In an era of reunions, it’s always good to see rock icons working on something new. Batusis is a new collections of old faces, with Cheetah Chrome of Rocket from the Tombs and Dead Boys fame and Sylvain Sylvain of the New York Dolls taking the lead roles. While their self-titled debut EP is deeply rooted in classic rock & roll and will instantly seem familiar to old fans, the sounds on Batusis are quite fresh.

The group’s name was inspired by the Batusi, a play on the Watusi ushered into pop culture via Adam West’s Batman. It’s fitting then that the opening salvo from Batusis is the instrumental “Blues Theme,” a groovy surf song built around a sizzling guitar riff. Sylvain takes lead vocal on “What You Lack In Brains,” a heavy rocker that takes a playful look at the type of woman who uses what’s she got “in the tush” to make up for her lack of intelligence. “Bury You Alive” is the record’s high point, though, featuring some spot-on vintage Dead Boys guitar leads and a gritty vocal from Chrome that serves as an understated counterpoint to the song’s angry attack. It’s often tough to judge a band based on four songs, but the hard-hitting Batusis shows that Sylvain and Chrome still have a good amount of gas left in the tank, and this EP leaves you thirsting for more.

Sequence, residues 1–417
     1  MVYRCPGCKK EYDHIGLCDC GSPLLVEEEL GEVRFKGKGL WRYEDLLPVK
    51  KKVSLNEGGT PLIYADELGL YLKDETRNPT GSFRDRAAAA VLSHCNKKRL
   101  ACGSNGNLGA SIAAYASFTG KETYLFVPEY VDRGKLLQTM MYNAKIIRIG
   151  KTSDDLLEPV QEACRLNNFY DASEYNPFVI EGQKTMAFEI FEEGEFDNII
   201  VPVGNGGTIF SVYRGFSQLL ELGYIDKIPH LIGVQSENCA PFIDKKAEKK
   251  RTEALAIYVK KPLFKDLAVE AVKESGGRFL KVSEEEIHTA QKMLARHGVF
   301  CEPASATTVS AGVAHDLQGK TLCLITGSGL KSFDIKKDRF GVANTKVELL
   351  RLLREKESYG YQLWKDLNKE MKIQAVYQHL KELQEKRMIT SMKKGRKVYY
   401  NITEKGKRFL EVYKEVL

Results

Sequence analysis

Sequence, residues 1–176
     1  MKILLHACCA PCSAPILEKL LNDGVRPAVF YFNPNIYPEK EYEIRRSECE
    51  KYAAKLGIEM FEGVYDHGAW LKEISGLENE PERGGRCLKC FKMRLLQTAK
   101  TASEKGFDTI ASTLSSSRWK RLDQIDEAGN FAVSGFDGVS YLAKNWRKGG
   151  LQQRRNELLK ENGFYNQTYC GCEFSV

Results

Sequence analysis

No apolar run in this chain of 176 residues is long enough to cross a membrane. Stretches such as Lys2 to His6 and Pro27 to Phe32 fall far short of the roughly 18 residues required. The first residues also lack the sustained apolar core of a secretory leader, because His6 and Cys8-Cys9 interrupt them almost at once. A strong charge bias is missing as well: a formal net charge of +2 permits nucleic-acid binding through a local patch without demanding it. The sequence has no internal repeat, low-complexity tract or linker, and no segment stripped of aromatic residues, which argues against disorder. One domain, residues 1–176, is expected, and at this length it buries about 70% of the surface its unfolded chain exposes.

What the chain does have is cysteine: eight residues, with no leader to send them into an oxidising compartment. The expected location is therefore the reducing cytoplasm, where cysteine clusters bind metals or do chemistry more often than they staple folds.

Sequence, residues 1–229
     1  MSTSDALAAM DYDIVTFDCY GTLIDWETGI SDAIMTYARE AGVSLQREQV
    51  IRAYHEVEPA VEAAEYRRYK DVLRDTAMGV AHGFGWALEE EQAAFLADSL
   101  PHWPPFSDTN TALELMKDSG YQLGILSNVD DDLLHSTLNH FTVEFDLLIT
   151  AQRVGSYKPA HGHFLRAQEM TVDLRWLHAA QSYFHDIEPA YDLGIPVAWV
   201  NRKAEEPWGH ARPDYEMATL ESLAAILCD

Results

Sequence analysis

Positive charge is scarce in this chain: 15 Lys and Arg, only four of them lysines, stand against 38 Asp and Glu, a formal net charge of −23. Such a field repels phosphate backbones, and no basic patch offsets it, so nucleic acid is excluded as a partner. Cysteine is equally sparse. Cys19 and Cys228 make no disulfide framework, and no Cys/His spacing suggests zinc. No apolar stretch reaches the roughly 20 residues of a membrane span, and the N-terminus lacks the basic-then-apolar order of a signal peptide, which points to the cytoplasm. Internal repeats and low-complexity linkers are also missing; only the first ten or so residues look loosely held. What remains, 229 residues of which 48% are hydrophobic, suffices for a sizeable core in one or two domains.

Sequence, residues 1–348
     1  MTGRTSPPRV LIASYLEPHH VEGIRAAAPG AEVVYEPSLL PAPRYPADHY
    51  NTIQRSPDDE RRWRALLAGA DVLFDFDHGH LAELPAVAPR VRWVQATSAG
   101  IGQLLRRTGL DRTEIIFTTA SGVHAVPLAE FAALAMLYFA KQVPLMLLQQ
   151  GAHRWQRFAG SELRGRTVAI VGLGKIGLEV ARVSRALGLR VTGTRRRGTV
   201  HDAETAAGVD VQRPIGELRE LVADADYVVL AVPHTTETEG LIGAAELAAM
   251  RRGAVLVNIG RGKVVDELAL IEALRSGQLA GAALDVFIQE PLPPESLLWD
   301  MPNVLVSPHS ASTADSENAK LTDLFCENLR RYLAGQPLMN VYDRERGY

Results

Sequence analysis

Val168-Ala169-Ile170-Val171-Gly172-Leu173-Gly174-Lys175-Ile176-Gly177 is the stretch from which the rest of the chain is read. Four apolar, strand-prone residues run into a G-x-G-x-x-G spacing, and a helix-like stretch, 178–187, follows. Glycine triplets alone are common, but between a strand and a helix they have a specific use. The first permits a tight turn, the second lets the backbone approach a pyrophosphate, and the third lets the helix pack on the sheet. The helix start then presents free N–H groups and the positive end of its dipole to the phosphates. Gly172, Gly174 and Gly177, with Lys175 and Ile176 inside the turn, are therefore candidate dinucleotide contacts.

Ron Wadlinger

Flying Lotus

To classify California-born musician Steven Ellison (a.k.a. Flying Lotus), you would need to invent a whole new genre title that captures the producer’s disparate influences, from turn-of-the-millennium experimental electronica to instrumental hip-hop to jazz-fusion to classical. Get Boards of Canada, Madlib, Miles Davis and Bernard Herrmann in a room together, and you’d have some idea of the creative breadth hinted at on 2008’s fantastic Los Angeles and now brought to full fruition on the staggeringly great Cosmogramma. At a time when the notion of originality is often considered a myth and its pursuit a fool’s errand, Ellison has created something undeniably unique by adapting the techniques and sonic palettes of artists past and present to his own freewheeling, unpredictable “more is more” musical philosophy.